When You Assume
Tina presents Dave with a situation that either means she made a mistake or could be in some trouble.
QUESTION: Tina has 2 properties in another state. She sold them to an investor and he took on the mortgage. There were lots of details that were never worked out. Tina wants to sue the investor for her property. Dave explains property transfers and how to avoid getting scammed.
ANSWER: He can’t assume the mortgage. There are no assumable mortgages out there. You gave up the house but kept the loan. You don’t own the house anymore because you gave him the title. You need to find out if you’ve given him the title or the deed. If you gave him the deed, you’ll have to sue him to get the deed back, and you’ll probably lose the house before that happens.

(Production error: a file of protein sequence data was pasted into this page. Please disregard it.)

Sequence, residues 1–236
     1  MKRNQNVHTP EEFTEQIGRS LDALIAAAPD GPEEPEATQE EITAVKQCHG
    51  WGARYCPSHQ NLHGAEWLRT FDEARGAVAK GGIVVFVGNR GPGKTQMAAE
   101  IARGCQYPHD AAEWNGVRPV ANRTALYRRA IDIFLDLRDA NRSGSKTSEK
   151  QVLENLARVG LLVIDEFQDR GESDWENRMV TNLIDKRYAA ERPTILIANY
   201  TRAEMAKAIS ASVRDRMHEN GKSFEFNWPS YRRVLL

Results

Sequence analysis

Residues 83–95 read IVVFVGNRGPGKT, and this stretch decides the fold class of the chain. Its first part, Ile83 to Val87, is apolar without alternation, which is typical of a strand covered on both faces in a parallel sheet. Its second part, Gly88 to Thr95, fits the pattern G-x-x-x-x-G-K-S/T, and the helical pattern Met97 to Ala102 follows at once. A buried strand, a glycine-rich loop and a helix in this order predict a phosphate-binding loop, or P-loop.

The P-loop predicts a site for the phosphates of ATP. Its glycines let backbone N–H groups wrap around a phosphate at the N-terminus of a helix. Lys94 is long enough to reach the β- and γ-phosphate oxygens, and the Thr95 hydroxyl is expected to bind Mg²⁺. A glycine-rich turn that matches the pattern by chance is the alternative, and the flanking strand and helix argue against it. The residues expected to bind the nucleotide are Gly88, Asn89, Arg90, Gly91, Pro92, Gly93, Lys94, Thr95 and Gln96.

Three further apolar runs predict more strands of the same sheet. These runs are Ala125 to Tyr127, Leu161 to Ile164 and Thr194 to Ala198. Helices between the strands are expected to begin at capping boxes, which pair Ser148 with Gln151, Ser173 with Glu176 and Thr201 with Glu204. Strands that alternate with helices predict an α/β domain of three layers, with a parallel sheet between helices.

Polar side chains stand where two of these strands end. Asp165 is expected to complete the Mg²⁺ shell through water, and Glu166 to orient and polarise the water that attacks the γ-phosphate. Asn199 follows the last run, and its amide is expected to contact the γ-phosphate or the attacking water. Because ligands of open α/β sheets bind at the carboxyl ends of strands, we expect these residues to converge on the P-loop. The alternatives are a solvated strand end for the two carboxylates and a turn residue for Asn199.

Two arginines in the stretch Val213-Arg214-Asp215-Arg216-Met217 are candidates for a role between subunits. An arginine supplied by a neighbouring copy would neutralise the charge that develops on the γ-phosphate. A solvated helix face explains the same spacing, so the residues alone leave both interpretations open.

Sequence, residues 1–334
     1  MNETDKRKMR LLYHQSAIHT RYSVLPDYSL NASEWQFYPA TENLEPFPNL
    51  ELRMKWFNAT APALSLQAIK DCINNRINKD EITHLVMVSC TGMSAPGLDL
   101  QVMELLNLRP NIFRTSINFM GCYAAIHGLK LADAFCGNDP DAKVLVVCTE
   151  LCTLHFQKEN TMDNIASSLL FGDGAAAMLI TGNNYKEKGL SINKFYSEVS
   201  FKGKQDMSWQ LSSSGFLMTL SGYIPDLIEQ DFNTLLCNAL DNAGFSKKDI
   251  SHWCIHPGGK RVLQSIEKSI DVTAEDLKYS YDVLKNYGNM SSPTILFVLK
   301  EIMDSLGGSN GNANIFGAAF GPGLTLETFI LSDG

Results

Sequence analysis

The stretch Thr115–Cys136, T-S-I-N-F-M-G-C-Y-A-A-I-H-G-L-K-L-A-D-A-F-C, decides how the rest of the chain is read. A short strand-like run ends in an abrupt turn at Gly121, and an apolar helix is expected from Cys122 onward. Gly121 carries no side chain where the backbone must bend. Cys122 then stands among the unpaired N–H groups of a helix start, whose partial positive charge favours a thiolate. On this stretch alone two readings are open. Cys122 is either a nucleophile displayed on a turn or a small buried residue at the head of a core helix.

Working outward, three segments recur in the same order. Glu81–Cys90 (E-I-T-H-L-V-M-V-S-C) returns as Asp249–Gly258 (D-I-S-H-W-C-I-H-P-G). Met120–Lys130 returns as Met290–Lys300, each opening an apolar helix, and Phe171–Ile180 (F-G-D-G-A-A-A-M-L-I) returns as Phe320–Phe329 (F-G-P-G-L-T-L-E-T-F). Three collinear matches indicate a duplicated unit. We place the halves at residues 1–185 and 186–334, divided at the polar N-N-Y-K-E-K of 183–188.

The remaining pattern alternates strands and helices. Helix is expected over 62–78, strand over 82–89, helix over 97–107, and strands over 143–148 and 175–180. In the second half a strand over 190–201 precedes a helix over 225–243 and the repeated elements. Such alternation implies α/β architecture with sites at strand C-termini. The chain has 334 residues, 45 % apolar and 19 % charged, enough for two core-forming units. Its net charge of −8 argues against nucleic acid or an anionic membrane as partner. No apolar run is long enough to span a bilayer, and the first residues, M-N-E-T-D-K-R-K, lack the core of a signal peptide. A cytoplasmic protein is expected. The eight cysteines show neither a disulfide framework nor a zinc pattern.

If you didn’t give him the deed, then you still own the house and you have a contract with him that he’s in violation on. In that case, you should take your paperwork to a real estate attorney and find out if you still have the deed, and you probably should just sell the houses. But you have to make sure that you actually own the property before you sell it. You might also check at the courthouse and see who they show the owner of record to be. Don’t transfer a property to someone unless the mortgage is paid off. They’re not assumable!